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    I do the pike stretch from the RW article you referenced and add a bent leg variation to target the soleus. I try to think to pull my front foot up as opposed to pushing my heel down. I also do some of the Pete Egoscue stuff which involve laying on the floor one leg straight out in front, the other leg bent at 90 degrees knee toward ceiling back of knee in my hands. I do foot circles: 15-20 clockwise, 15-20 counterclockwise, and then 15 where I use my calf muscles to pull my toes straight back then point my toes forward. Then I warm up as much as time will allow before I take the court, usually skipping and lunges.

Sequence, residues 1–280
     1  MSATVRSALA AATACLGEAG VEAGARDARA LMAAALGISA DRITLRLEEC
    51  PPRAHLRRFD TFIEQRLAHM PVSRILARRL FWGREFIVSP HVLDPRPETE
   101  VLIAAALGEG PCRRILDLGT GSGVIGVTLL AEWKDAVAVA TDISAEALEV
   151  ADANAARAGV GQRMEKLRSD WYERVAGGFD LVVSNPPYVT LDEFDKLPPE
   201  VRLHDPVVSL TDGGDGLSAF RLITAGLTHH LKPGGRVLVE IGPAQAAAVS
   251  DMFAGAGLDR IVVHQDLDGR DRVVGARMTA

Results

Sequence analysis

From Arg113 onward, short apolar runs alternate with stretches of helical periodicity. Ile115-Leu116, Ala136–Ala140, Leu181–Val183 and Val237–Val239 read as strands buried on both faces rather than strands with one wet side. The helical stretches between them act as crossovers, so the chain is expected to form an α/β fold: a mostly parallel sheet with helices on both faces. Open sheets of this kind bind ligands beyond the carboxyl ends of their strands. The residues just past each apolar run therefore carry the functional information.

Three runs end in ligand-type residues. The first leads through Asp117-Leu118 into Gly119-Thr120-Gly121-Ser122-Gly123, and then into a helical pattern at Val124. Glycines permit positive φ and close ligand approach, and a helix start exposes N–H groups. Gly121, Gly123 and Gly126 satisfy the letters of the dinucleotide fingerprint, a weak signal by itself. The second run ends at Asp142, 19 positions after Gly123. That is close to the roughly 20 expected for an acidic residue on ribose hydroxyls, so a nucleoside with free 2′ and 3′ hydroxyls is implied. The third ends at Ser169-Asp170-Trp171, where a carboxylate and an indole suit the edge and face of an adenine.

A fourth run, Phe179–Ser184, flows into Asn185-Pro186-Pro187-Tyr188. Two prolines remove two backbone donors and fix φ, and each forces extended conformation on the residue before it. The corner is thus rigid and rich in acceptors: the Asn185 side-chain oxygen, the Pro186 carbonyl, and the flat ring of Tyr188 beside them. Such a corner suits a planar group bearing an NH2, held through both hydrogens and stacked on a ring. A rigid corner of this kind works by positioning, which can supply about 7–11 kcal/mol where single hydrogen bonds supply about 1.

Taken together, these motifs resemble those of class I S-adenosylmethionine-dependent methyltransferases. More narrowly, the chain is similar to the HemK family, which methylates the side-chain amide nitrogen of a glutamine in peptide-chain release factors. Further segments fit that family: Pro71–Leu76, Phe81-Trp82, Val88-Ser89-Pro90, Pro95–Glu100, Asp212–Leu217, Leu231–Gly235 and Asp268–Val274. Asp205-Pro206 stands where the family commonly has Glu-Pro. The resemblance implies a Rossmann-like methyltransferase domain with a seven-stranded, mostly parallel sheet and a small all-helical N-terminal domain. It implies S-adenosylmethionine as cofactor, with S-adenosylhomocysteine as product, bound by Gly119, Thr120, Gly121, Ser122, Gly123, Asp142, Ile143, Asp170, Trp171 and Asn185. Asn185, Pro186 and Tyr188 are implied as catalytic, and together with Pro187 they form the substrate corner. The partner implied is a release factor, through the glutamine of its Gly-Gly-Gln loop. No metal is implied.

After tennis I do eccentric heel drops off of stairs or a bench (you can find this on youtube), and finish up with some pretty extreme stretches with my foot up against a wall or net post, both straight leg and bent.

    I've had serious problems with my Achilles in the past, so need to do a lot more prehab than most. I'm playing 5-6 days a week now without much discomfort anywhere. I wish I known about this stuff when I first came back to the game at 40, could have saved myself a lot of pain. Wish I'd also learned to listen to my body and rest instead of trying to play through significant discomfort. I count myself very, very lucky to have not ruptured my Achilles.
     
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  10. Topaz

    Topaz Legend

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    Foam roll your calves.
     
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  11. Thepowerofchoice